100

Sean Thomas, Judy Higgins-Olsen, Stephanie Durden and Luke Reynolds star in the Townsville Choral Society's hundredth production, We Will Rock You. IMAGE: Sonia Warrell

“There’s a blurred line between amateurs and professionals locally: our amateurs are as good as the pros, and it’s thanks to some really talented local directors who are able to get things out of these performers that makes them comparable to the best you’ve seen.”

The Townsville Choral and Orchestral Society will stage its hundredth production this January and February, and it’s fair to say the organisation has seen many changes since it originally formed as The Townsville Musical Union in 1906. The Society became renowned for its several choir concerts performed each year, but it was the addition of musical theatre in 1953 that made the group a steadily rising star on the regional Arts scene.

The ensemble of Townsville Choral Society’s 1955 production, ‘The Belle of New York.’ Image courtesy of the Townsville Performing Arts Museum.

An organisation with both “Choral” and “Orchestral” in its title seems an unlikely candidate to stage Queensland’s first amateur production of a show featuring some of the most iconic rock songs of all time, but the Townsville Choral and Orchestral Society isn’t much for rules.

In celebration of its hundredth musical, the society is gearing up to mount its biggest show ever: We Will Rock You, a jukebox musical written by Ben Elton and Queen, to be staged as an arena spectacular at the Townsville Entertainment and Convention Centre.

President of the Society, Rod Wilson and Life Member, Julie Dell said We Will Rock You would set a new benchmark for musical theatre across the country.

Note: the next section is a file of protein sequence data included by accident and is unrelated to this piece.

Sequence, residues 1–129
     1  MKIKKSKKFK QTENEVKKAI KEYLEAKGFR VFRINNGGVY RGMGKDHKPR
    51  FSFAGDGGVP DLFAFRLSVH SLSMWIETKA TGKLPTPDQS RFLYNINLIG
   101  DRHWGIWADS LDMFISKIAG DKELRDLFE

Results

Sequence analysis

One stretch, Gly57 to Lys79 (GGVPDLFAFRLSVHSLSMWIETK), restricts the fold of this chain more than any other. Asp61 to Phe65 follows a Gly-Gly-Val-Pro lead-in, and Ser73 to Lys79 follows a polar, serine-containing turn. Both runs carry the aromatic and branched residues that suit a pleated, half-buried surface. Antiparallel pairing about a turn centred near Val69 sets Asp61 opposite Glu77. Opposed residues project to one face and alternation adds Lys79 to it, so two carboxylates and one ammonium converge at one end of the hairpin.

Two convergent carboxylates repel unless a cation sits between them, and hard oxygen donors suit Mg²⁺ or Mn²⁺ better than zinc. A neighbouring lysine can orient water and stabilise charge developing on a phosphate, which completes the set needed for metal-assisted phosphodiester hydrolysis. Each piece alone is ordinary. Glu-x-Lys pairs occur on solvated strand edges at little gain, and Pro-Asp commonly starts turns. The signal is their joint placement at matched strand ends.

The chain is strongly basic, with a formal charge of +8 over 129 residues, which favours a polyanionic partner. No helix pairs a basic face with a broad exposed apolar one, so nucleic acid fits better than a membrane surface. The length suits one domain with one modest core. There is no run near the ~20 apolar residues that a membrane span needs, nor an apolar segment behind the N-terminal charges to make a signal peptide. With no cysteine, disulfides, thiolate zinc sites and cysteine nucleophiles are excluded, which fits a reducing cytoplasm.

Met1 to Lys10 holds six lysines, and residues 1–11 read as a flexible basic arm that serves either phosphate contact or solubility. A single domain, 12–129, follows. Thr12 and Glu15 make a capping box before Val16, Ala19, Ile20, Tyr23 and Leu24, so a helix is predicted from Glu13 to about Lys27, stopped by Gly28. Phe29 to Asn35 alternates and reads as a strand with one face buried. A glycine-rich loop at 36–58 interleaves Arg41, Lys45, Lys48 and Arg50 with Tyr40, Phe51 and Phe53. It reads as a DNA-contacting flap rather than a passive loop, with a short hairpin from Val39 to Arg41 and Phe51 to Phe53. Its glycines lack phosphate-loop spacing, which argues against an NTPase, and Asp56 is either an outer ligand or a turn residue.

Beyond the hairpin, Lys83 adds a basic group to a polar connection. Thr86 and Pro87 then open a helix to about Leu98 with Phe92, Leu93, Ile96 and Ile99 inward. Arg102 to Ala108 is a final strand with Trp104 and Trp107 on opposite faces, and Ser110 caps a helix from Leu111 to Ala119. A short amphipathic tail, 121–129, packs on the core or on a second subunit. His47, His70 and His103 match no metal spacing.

“There’s so many firsts for We Will Rock You: we’re the first amateur company in Queensland, and very likely Australia-wide, to do this production; it’s also the first time a local – or possibly any! – musical has been performed at the Entertainment Centre,” Rod said.

“Because the Townsville Civic Theatre is closed for renovations for the next six months, our options were either to find a new venue, or hold a smaller-scale show in our Hall – which I was not excited about at all. It would be our hundredth show, but we’d be stuck in a tiny venue performing for a handful of people! If that was the case, we probably would have done something under-the-radar and then claimed our August production Les Miserables as the big 100 – but luckily things panned out the way they have, and we’ll be going bigger and better than ever before.”

With 99 productions under their belt, the Townsville Choral Society is well-rehearsed in staging knock-out shows – but not all of them have been as successful at the box office as recent offerings.

West Side Story has probably been our worst to date,” said Rod. “We were completely booked, but then a cyclone hit, the theatre flooded, and we had to give everyone their money back. The big issue was we’d already performed a couple of shows, so we still had to pay for the rights to it.”

Rod Wilson in ‘Guys and Dolls’ (1982). IMAGE: Townsville Choral Society